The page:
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Dominion says Unit 3 still on track, though opponents aren't too sure
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By RUSTY DENNEN
Not far from the towering concrete-and-steel domes that enclose North Anna Power Station's two nuclear reactors, workers are preparing the way for a third unit.
Today, 10 years since Dominion Virginia Power filed its initial application for Unit 3 on Lake Anna near Mineral, the project is far from a sure thing, though the company insists it's still on track.
Opponents, meanwhile, argue that the ballooning cost of new reactors, coupled with ongoing delays in the approval process, low natural gas prices, and the fallout from the Fukushima disaster in Japan, make Unit 3 an unsure bet.
Eugene S. Grecheck, vice president of nuclear development for Dominion, says the plan has not changed: Nuclear energy continues to be a key component of the Richmond-based utility's long-term energy plan.
"We think it's very important to maintain a full diversity" of energy sources, Grecheck said Friday in a telephone interview.
In the words of Thomas F. Farrell II, Dominion's chairman, president and chief executive officer, Grecheck said "the question is not if, but rather, when" Unit 3 is built.
The recession and economic crunch has reduced demand for electricity, and natural gas prices have fallen dramatically with increased supply, making it a more attractive fuel, Grecheck concedes.
And Dominion plans to develop more natural gas capacity in the next few years.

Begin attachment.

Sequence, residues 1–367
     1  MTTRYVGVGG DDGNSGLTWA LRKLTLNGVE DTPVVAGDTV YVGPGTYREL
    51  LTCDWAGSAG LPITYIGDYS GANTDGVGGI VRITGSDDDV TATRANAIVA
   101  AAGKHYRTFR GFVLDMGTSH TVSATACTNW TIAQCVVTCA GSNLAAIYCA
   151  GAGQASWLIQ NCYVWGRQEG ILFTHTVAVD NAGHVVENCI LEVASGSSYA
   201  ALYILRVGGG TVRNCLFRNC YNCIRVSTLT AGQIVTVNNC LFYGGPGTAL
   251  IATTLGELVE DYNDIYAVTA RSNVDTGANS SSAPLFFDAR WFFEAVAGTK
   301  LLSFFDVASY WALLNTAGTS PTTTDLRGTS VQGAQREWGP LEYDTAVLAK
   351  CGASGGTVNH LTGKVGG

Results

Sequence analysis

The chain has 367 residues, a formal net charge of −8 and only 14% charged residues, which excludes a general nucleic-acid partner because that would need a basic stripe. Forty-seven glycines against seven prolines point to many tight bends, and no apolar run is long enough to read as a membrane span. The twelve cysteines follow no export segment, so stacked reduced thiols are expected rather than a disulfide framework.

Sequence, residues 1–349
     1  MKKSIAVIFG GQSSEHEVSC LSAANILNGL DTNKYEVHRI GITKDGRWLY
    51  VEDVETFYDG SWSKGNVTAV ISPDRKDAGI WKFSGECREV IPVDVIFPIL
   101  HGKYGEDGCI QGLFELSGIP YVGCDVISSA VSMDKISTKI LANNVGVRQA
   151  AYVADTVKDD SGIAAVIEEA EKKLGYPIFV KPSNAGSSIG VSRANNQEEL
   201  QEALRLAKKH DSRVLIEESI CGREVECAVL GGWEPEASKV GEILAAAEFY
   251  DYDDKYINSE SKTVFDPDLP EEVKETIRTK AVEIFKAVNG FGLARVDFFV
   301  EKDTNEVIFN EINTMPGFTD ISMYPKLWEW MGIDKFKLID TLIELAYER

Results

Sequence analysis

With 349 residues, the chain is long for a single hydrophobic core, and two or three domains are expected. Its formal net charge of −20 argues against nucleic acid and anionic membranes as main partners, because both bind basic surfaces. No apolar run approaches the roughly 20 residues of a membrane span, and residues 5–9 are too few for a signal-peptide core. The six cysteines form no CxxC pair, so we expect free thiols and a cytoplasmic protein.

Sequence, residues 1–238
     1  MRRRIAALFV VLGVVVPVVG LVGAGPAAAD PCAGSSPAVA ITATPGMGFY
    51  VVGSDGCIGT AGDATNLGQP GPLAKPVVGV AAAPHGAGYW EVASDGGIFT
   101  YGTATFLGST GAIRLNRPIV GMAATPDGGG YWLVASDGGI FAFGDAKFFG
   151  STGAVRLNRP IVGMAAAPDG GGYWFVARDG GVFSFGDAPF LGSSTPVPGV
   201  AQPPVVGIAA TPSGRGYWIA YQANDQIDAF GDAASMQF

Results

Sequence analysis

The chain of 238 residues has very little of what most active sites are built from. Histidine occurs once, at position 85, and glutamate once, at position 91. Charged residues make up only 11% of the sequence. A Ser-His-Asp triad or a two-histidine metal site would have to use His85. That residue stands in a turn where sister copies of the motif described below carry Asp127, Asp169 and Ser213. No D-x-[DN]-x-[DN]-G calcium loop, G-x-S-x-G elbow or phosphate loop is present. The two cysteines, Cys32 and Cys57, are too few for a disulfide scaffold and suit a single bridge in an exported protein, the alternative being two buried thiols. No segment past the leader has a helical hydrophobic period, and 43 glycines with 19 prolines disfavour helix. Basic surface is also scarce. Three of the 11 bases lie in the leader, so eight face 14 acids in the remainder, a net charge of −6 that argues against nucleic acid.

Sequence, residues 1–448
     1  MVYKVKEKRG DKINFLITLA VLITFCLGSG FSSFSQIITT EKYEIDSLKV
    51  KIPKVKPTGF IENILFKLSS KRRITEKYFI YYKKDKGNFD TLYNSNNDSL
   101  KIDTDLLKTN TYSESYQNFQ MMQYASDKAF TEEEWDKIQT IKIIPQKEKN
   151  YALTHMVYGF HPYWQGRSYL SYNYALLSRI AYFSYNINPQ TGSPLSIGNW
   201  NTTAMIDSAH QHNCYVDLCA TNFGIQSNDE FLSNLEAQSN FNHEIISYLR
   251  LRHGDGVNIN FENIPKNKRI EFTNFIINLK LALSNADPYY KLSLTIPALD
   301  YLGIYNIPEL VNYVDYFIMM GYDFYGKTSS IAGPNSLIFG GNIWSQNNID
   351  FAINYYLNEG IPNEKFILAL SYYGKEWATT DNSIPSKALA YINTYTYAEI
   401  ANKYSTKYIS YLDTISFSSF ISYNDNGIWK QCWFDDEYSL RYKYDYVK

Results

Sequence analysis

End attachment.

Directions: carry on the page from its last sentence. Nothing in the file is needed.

"But in the long term, we are convinced that it is not in the company's interest, or the nation's interest, to be completely dependent on only one fuel," he said.
"Historically, the price of natural gas has been very volatile and subject to very big swings."
SOME PROGRESS MADE
Dominion's latest integrated resource plan--a 15-year guide for matching power generation, transmission and demand--projects that Unit 3, if the company proceeds, would be completed by 2024.
Dominion also owns the Surry Power Station on the James River, and two other nuclear plants--Millstone in Connecticut and Kewaunee in Wisconsin. Dominion announced in October that it is shutting down the Kewaunee plant this year after failing to find a buyer. The company failed in its bid to increase a nuclear presence in the Midwest.
Despite the hurdles, the industry has made some progress bringing online a new generation of more efficient and safer reactors.
Dominion power wants to use Mitsubishi's US-Advanced Pressurized Water Reactor design for a planned third nuclear reactor at North Anna Power Station. It is still under certification review by the Nuclear Regulatory Commission.
The reactor would generate about 1,700 megawatts,
North Anna's two existing Westinghouse Pressurized Water Reactors combined generate about 1,860 megawatts.
--Dominion Virginia Power